I'm studying PostgreSQL architecture and in almost every book or blog post I read people say that we have to track any increasing of temp_files numbers and find the best work_mem size to avoid new temp_file creation.

But none explain why these temp_files are so bad. Could anyone clarify to me why we need to keep the number of temp_files low?

2 Answers 2


Memory is faster than disk.

Anything that can be done only using memory will work faster instead of using the hard disks to store temporary content.

PostgreSQL documentation says:

work_mem (integer)

Specifies the amount of memory to be used by internal sort operations and hash tables before writing to temporary disk files.

So if you find the proper value of it (which depends on total amount of RAM, number of workers, SQL queries done, etc.) then everything should be able to run from RAM only, hence fast.

If this value is exceeded for some operation, temporary files will be created on disk, and hence the operation will be slower.

So tracking amount of temporary files and investigate if it grows is a possible strategy to get better performances (maybe work_mem is just too low, its default value being 4MB; or it is good but it maxes out currently available RAM and then you need a box with more RAM).

Hence the following tools:

1) temp_files in pg_stat_database whose value is "Number of temporary files created by queries in this database. All temporary files are counted, regardless of why the temporary file was created (e.g., sorting or hashing), and regardless of the log_temp_files setting."


2) log_temp_files configurable item whose documentation is:

Controls logging of temporary file names and sizes. Temporary files can be created for sorts, hashes, and temporary query results. A log entry is made for each temporary file when it is deleted. A value of zero logs all temporary file information, while positive values log only files whose size is greater than or equal to the specified number of kilobytes. The default setting is -1, which disables such logging. Only superusers can change this setting.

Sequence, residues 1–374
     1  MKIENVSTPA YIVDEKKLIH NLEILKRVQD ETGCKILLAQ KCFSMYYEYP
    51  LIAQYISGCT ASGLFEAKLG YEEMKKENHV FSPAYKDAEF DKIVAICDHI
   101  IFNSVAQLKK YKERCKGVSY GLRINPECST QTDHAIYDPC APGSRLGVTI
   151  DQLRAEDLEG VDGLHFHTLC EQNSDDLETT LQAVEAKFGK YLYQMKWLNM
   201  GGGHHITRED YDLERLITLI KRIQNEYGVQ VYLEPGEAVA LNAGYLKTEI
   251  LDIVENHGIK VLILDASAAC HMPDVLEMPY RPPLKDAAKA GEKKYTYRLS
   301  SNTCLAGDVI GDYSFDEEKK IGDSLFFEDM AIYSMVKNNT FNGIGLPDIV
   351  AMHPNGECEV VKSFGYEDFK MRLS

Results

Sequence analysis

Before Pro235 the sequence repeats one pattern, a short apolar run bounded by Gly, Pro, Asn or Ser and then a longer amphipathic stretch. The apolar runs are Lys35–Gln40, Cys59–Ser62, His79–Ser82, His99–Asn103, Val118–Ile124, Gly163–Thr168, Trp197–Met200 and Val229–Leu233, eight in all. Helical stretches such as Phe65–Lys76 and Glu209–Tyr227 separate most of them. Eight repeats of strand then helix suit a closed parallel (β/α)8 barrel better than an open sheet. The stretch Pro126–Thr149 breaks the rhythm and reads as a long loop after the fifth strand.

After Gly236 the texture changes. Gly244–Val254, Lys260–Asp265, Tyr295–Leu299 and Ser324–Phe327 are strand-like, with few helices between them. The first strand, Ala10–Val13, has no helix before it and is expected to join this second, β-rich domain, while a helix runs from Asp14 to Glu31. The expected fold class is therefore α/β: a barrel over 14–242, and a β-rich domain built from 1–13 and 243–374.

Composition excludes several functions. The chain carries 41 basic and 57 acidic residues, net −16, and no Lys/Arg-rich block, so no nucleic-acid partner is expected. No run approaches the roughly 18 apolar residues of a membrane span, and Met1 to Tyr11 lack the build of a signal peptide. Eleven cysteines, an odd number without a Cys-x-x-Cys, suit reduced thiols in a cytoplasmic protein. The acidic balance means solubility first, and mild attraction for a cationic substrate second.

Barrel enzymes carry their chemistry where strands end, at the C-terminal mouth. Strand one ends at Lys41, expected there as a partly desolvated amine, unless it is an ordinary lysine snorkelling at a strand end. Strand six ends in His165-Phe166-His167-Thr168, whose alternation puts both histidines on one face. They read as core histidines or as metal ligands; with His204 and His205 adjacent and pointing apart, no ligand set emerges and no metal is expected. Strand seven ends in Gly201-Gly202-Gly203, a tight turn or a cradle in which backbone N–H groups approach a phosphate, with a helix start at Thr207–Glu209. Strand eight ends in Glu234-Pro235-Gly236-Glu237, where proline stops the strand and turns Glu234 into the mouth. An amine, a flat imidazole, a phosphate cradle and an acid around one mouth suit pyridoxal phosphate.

Apparently we don't read the same blogs. It is hard to comment meaningfully on your interpretation of unquoted advice given by unnamed people.

Temp files are great. Gratuitous use of them is bad. Things are done faster in memory, provided they actually do fit in memory. Looking at the number of temp files generated tells you nothing about whether that data they stored "should" have fit into memory, unless you are already intimately familiar with your data and your queries.

  • Yes, I'm not intimately familiar with PostgreSQL at all, as I'm studying it right now. But the whole point for me is to understand why these files are created in the first place and how PostgreSQL for default use these files and dispose of them after. And to quote anything, if you type "temporary files" in the PostgreSQL docs, no entry answers the two questions I've pointed above. Commented Jul 17, 2019 at 21:11

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